Customers seeking out your company might get confused with your comparable logos and shop with your competition instead.

Losing customers (and of course all of the accompanying earnings) is bad news. However, it’s particularly painful to lose clients to this easily avoided misstep. And, the threat doesn’t stop there. If your competitor does something dishonest and their reputation takes a hit, you’re standing may be impacted too! Guilt by association, honest or not, is a real threat.

And, making a logo change when a PR catastrophe is already upon you is the wrong strategy, just ask a business coach. Rebranding in the aftermath of a PR catastrophe is reactive. Worse, it implies that you might have really done something wrong.

So, rather than using stock artwork, stick out from the competition by using an original logo and authentic photos of your products, services and personnel within your website design. Share more about your organization. The more clearly you pronounce your brand identity, the more you’re differentiating your company from the pack.

5. You may violate copyright law

Lawsuits are never fun. And, they cost money, too. So, if your objective is to save money with stock art, know about the potential legal dangers. Cheap stock art that contributes to a lawsuit is not “cheap” anymore.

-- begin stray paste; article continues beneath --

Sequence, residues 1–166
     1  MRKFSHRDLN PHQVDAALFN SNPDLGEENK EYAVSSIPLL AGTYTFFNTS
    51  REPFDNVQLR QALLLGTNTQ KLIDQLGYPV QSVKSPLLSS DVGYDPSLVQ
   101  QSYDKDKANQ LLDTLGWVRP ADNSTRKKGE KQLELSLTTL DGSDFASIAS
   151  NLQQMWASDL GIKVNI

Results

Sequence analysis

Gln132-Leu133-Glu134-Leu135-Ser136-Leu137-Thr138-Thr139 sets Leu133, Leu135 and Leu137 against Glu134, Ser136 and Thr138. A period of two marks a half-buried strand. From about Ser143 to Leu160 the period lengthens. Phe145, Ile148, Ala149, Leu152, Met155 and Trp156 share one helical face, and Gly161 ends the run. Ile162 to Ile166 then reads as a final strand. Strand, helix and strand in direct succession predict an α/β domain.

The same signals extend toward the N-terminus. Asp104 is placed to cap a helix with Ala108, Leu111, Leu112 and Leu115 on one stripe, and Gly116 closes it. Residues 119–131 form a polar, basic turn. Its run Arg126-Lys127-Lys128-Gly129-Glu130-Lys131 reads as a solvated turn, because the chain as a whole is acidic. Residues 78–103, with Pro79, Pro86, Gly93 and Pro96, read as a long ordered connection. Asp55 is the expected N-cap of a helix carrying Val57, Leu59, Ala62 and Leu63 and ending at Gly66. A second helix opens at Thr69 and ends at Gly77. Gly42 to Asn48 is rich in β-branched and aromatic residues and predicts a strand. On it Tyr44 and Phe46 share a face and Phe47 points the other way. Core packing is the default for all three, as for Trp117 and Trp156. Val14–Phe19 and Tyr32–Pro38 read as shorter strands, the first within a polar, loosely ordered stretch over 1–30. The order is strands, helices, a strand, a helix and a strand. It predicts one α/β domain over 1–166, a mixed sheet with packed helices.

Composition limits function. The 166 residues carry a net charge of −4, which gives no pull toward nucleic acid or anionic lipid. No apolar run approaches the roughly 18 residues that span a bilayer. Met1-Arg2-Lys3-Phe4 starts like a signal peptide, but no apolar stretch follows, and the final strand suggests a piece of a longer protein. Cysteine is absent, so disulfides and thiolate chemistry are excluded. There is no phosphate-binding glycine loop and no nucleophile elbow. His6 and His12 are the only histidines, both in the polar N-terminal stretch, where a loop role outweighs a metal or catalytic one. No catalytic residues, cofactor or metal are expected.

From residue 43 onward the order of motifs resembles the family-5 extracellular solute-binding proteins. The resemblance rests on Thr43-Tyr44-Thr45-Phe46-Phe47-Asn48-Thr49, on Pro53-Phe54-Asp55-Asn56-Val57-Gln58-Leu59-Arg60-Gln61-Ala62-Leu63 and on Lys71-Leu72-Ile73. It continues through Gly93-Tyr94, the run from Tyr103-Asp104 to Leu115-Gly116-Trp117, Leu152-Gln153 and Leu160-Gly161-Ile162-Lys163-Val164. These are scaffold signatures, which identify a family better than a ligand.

Stock art can trip you up for a couple of different reasons, legally speaking. I have already mentioned the first: you cannot trademark most images which include stock art. Attempting to do so can get you in trouble right there.

And, stock art permits include more possible pitfalls than simply trade marking difficulties. You open yourself up to litigation if you violate the specific conditions of use to the stock art you buy. Worse than that, copyright legislation is no-fault. This means that you could get into legal trouble even if you haven’t knowingly done anything wrong. A good example could be legally purchasing an image from a stock photo site that later is found to be a stolen photograph.

So, instead of stock artwork, hire a professional photographer to shoot original pictures of your company. And employ professional graphic designers to create a logo and visual assets for your own brand.

You owe it to your company to make decisions that will offer a return on your investment and help your business grow. Stock artwork will do neither of these things. On the other hand, a clearly articulated, unique visual brand supported by authentic photographs of your enterprise will support growth.